Thursday, July 7, 2016


The reality of growing older is explored in ‘Tuesdays with Morrie’ (Albom, 1998), where an important theme is the acceptance of the physical and mental changes that aging brings in its wake. To experience old age without regret, we have to find a purpose for living while we are still young. Being aware of our own mortality on a daily basis can help us do that. Grief comes easily to many older people because of the losses they experience. This is discussed in ‘Lapping’ (Halligan, 2001) where the author compares the movement of the mind to the rise and fall of waves on the seashore with some memories becoming prominent and others fading away over time. Loss, and the grief that comes with aging, is also discussed in the article ‘A poetic life’ (Leser, 2005). We are reminded here that loss can sometimes be a time to learn valuable lessons. In old age there are many lessons that can be learnt about the strength of the spirit and those who find this inner strength can triumph over all kinds of physical limitations. Finding new directions in our lives after retirement is important. In ‘Not to yield’ (McDonald, 2000), we are reminded that growing older need not be an excuse to stop learning or following our passion. Memories represent unique aspects of our personalities. In ‘Saying Goodbye’ (McInnes, 2005), we learn about what happens when Alzheimer’s disease robs people of their memories and they become strangers to themselves and to their loved ones. Sometimes we wonder if knowing the diagnosis of an incurable and progressive illness like Alzheimer’s serves any purpose. In ‘The right to self-determination’ (Pieters-Hawke & Flynn, 2004) this question is explored. Early awareness can enable people to plan ahead and ensure that what happens to them in the future is according to their wish.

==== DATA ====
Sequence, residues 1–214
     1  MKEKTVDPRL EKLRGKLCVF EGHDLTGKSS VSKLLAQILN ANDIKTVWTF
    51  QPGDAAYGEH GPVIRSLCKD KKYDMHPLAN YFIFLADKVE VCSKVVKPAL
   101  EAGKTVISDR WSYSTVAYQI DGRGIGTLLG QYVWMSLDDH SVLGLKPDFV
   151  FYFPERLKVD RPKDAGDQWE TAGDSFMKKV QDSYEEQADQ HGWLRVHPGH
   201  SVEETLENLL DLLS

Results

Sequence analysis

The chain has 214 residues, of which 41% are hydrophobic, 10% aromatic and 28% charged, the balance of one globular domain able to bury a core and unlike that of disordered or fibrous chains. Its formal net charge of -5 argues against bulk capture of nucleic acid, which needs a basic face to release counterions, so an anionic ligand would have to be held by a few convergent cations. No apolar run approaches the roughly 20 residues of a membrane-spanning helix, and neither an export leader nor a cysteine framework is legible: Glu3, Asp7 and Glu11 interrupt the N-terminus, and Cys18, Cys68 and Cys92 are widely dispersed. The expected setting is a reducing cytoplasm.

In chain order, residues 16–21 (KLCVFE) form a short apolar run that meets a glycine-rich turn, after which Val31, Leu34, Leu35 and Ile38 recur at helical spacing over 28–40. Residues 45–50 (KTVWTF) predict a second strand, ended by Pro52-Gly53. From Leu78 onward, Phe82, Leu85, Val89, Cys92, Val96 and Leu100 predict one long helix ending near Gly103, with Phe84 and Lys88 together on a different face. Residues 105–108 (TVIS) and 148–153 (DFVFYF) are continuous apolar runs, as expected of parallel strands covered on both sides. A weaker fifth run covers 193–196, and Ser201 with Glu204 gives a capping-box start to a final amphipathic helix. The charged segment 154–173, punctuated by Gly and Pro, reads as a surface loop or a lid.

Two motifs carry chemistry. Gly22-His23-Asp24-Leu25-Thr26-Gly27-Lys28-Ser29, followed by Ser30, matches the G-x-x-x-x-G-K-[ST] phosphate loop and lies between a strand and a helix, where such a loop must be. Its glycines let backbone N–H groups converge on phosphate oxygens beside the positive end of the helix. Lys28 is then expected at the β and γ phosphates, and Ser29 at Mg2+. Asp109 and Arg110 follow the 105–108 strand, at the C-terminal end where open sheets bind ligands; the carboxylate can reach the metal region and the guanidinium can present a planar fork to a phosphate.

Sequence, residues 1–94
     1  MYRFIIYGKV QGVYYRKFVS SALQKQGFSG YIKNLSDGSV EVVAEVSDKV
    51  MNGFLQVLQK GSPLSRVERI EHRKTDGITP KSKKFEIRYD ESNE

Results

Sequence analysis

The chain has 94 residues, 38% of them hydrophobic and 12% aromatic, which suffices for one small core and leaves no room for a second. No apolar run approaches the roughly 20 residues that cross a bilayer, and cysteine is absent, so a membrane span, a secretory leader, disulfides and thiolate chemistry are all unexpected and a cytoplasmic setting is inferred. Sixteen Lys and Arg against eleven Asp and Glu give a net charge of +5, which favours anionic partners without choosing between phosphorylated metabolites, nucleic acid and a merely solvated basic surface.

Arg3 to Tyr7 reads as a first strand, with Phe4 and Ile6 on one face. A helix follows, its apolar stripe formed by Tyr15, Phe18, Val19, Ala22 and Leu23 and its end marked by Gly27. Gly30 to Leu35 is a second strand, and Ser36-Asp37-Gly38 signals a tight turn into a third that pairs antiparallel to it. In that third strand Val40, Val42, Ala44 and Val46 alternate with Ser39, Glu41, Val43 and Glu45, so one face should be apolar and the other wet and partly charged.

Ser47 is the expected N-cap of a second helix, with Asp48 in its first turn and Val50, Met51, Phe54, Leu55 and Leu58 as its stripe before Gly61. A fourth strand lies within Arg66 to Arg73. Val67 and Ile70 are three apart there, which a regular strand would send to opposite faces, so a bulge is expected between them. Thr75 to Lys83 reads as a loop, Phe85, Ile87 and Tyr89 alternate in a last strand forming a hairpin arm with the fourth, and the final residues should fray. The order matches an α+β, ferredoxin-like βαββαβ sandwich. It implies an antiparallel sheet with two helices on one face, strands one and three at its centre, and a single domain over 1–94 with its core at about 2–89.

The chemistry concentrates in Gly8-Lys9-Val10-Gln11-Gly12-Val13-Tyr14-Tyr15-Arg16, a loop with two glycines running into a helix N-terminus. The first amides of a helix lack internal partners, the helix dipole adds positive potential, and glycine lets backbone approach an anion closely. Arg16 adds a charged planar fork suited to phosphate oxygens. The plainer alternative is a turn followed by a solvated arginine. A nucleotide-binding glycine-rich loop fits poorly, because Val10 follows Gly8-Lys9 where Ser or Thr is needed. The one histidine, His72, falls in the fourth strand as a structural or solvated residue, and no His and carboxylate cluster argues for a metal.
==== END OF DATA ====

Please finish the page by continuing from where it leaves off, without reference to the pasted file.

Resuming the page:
We gain experiential knowledge by listening to the stories of others (story witnessing). The insight from the narratives listed above have helped me develop empathy and to realise that there are no readymade solutions to many of life’s problems. Only by understanding the unique situations of others through active listening can I hope to help them effectively.

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